Eric Bana brings film events to Australian cities

In Australian Cultural Exports, Australian Domestic Tourism, Media and Communications, National Headlines, Victoria

Eric Bana and the great film distribution shake-up

The actor-turned-distributor is the latest Australian filmmaker to take matters into his own hands in a shake-up that spells good news for local audiences.

Nobody could ever accuse Eric Bana of not getting involved.

The same day he announced he was entering the distribution game by picking up the local rights to his British espionage thriller Closed Circuit, there he was at the Astor in St Kilda, taking to the stage to introduce a low-budget documentary to which he had lent his voice.

“This is a passion project but it’s so much more than that,” he told Tuesday night’s audience at the premiere of Tempest at the Drop-In, a funny and deeply moving film about a collaboration between professional theatre types and the socially disadvantaged to stage an unconventional take on Shakespeare’s The Tempest.

“It’s an amazing film, and an amazing project,” Bana says the following day in the sun-drenched office he shares with fellow filmmaker Robert Connolly in a former factory in Port Melbourne. “It wasn’t just The Tempest, it was a highly workshopped version of it. Lots of professional actors would have found it a struggle, let alone these guys.”

Bana did the voiceover to help out his mate Brian Nankervis (of RocKwiz fame), whose wife Sue Thomson directed the film. Now he’s teamed up with another mate, Connolly, to take his own film out to the market.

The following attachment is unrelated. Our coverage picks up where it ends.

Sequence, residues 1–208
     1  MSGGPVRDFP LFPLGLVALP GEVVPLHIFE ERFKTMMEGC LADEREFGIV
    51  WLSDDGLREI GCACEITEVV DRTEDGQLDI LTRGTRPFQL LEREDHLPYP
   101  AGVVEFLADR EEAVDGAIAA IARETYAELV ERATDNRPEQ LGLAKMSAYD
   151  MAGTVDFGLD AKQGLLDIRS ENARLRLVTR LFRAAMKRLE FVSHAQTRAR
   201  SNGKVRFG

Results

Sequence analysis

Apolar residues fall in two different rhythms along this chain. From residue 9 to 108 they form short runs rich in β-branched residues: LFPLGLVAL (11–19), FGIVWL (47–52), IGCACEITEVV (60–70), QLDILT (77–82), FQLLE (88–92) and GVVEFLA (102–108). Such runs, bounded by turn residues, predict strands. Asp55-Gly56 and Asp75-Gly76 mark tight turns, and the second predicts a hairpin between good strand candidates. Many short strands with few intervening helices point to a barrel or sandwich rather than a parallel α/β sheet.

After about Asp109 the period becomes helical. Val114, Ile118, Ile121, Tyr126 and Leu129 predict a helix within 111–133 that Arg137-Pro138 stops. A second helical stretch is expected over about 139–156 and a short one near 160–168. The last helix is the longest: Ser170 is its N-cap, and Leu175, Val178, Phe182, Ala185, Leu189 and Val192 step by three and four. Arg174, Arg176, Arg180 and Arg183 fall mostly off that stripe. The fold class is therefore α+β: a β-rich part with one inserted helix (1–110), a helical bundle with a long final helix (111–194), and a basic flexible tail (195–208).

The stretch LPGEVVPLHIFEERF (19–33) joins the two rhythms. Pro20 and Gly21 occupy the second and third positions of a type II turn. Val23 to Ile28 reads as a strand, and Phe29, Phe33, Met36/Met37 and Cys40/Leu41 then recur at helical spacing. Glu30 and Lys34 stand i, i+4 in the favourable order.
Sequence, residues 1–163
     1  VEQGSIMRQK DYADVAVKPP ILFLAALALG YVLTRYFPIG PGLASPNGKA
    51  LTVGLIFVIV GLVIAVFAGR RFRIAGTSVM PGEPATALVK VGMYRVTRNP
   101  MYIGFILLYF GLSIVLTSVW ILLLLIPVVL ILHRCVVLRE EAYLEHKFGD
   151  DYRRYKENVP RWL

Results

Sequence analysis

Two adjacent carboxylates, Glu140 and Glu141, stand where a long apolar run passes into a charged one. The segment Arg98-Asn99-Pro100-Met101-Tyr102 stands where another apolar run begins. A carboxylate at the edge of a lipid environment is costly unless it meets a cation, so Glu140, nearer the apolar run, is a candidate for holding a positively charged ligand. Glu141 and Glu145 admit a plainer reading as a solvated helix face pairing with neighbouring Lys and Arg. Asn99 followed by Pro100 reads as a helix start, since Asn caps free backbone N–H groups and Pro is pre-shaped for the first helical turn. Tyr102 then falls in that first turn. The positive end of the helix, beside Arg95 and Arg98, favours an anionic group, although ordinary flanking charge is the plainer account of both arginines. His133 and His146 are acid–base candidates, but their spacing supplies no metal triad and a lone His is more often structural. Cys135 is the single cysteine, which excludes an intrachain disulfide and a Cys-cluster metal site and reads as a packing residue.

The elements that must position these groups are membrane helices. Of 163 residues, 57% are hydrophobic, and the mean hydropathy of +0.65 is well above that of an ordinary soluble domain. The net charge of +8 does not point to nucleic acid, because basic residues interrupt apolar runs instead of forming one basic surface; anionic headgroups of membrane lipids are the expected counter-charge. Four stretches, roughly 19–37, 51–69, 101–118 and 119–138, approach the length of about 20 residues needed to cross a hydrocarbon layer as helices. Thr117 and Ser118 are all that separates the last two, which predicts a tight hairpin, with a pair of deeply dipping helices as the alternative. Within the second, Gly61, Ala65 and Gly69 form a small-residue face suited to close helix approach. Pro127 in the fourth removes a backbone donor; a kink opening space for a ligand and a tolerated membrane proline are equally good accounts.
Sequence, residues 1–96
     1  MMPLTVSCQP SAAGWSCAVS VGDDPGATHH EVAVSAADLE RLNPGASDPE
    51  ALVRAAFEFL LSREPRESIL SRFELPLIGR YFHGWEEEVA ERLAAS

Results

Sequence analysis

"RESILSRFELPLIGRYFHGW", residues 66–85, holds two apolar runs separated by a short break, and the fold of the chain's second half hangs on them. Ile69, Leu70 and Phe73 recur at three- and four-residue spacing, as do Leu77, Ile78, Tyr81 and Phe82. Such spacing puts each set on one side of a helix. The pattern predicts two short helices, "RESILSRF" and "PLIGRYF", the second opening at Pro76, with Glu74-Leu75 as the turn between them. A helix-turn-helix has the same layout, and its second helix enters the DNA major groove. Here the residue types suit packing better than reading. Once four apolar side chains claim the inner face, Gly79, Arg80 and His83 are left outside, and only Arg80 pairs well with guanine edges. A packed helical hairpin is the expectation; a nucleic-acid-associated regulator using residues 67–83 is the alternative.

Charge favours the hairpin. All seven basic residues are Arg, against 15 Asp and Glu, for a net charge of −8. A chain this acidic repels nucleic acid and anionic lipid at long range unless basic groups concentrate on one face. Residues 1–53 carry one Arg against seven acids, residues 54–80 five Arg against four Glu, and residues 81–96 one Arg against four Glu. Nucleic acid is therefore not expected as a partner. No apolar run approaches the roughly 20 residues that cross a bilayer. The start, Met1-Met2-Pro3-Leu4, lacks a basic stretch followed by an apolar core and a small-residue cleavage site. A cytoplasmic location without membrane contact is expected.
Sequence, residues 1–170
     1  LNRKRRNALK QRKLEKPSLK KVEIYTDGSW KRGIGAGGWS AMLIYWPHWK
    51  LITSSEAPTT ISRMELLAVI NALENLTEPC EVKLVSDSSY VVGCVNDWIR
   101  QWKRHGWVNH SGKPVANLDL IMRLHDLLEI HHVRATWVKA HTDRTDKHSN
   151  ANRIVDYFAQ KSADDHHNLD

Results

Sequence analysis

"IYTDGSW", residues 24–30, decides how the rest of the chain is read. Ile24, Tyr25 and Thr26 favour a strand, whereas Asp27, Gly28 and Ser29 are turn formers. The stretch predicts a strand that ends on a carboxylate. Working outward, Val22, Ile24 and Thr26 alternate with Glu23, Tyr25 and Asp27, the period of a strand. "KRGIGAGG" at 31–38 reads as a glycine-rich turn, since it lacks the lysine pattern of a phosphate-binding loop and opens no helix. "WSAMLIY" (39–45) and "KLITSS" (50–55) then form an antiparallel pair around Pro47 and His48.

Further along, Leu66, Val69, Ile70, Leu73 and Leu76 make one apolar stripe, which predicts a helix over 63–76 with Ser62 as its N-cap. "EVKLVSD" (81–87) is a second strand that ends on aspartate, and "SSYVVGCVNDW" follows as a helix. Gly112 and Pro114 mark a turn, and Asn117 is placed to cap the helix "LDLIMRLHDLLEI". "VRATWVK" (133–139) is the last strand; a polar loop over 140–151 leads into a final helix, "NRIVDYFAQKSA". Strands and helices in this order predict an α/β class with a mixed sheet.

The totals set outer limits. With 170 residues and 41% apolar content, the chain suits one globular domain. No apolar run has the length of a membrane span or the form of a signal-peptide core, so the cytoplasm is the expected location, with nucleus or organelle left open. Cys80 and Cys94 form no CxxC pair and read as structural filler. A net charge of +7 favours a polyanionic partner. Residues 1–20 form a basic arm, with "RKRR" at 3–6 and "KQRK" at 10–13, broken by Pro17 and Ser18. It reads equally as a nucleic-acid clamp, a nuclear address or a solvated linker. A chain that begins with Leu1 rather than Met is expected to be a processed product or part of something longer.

Connolly has been here before, with the Julian Assange telemovie Underground, which had a theatrical afterlife with cast and crew Q&A sessions last year. More recently he’s taken Tim Winton’s The Turning – and its vast cast and crew – to audiences around the country, with the result that it has taken an exceptional $624,000 in two weeks on just 16 screens.

So, there’s evidence it can work, but it’s still a bold move for Bana.

“I wouldn’t have taken this on if I was overseas on a shoot and had to do all the organising by phone,” he says. “But I’m here until the end of the year and I had the time. And because I know the marketplace, it’s my backyard, it’s easy for me to wrap my hands and my head around it.”

Bana will tour around the country with his film in early December, doing Q&A sessions after screenings in Canberra, Sydney, Perth and Melbourne.

Eric Bana as Chopper Read.And in the film that helped him crack Hollywood, Chopper. Bana declined to comment upon Chopper Read’s death on Wednesday. Photo: Reuters

His impending roadshow is the latest example of what appears to be a slowly emerging trend in which local filmmakers attempt to combat audience apathy by building a personal connection with the people who might perhaps be persuaded to see their movies.

“Social media is definitely a factor in this because you’re so much more connected,” says Connolly. “The challenge is there for filmmakers to engage more.”

That doesn’t mean everyone should be making things for the mass market, he says, “just that even if you’re making them for a niche market you need to know that audience”.

At any rate, Bana observes, working his film in this way beats the hell out of whingeing about the fact that the cinema landscape ain’t what it used to be.

“It’s really easy to throw your hands in the air and say, ‘Oh, the state of cinema blah blah blah; bloody blockbusters blah blah blah’. But I think it’s important where possible to roll your sleeves up and at least try and have some sort of impact on the outcome.

“There’s no guarantees,’’ he adds. “But it’s easier to roll with the punches if you’ve thrown a few.”

Closed Circuit will open in Australia on December 5

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